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Wednesday, October 5, 2011

Review: "The Pleasures of Reading in an Age of Distraction"

TITLE: The Pleasures of Reading in an Age of Distraction
AUTHOR: Alan Jacobs
PUBLISHER: New York, NY: Oxford University Press, 2011, (176 pages).

Reading is increasingly being threatened, especially with the intrusion of technology into our everyday lives. Is it still possible to read well in an age of technological distractions? Is reading a lost art? How does one read well even as one sees the increase in reading in an electronic media. These are some of the questions Alan Jacobs, an English Professor tries to address.

People are reading less. Some do not read, and even those who try hardly ever finish a book. Beginning with  reference back to a classic how-to-read-a-book manual by Mortimer Adler and Charles van Doren, Jacobs tries to update some of the ideas in that book by introducing some observations of technology, evolving culture, as well as new skills needed to read a book.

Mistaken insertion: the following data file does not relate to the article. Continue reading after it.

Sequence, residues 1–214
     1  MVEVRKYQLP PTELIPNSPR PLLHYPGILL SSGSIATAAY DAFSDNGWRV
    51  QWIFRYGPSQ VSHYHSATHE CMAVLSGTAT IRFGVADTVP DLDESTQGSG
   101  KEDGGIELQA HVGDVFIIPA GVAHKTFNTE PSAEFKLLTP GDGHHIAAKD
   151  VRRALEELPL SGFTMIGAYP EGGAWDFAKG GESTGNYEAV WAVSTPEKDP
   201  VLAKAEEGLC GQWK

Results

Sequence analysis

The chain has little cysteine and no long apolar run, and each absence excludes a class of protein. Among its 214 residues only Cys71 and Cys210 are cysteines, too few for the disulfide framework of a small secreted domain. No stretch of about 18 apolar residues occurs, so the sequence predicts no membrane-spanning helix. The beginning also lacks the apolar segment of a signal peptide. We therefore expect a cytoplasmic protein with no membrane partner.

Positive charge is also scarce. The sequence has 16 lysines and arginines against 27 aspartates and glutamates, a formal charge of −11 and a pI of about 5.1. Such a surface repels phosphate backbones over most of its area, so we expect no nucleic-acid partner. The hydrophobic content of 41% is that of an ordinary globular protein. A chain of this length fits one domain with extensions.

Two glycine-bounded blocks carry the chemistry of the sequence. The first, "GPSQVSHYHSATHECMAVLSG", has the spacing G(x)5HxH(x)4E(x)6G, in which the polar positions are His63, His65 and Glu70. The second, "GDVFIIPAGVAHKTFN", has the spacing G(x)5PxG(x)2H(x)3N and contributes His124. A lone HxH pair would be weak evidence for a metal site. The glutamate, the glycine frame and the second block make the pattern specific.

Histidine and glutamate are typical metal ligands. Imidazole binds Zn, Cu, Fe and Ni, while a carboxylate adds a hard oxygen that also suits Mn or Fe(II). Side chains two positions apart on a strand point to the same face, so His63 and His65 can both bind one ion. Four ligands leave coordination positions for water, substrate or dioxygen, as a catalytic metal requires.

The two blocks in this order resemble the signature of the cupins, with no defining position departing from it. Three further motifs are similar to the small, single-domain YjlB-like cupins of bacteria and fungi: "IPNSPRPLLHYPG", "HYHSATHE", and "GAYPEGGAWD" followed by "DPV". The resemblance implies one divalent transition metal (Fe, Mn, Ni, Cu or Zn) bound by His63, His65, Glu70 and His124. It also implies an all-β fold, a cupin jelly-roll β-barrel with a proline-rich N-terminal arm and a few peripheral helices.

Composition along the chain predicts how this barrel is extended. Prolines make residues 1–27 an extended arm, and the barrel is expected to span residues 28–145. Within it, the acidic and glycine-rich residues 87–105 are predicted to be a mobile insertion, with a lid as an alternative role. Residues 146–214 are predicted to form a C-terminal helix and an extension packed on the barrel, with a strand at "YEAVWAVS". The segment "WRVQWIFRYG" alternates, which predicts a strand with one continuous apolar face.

He begins by listing out some of the feedback he has been hearing as a Professor at Wheaton College.
  • The current cohort as belonging to the 'dumbest generation'
  • Challenge of multitasking
  • Short and erratic attention span
  • Unsustained Online reading
  • 'People don't read anymore.'
Recognizing the modern challenges of reading, Jacobs proposes a radical way to read: "Read at whim!" This is best described as the kind of reading that is out of love, pleasure and joy of reading. Taking the side of CS Lewis and Harold Bloom, he advocates:
"Read what gives you delight - at least most of the time - and do so without shame." (23)

Jacobs then dives into the cognitive aspects of brain behaviour, where reading behaviour is a way of understanding oneself and others. While reading-at-whim may not 'cover all the bases' of reading, it is at least a foundational start. Here the author distinguishes between 'whim' and 'Whim.' The former is a 'thoughtless, directionless preference' that leads one toward 'boredom or frustration or both' (41). However, the latter is a guide to discernment, something that Mortimer Adler's How to Read a Book fails to educate people in. In arguing for slower, intentional, and patient reading, reading is very profitable. Jacobs writes: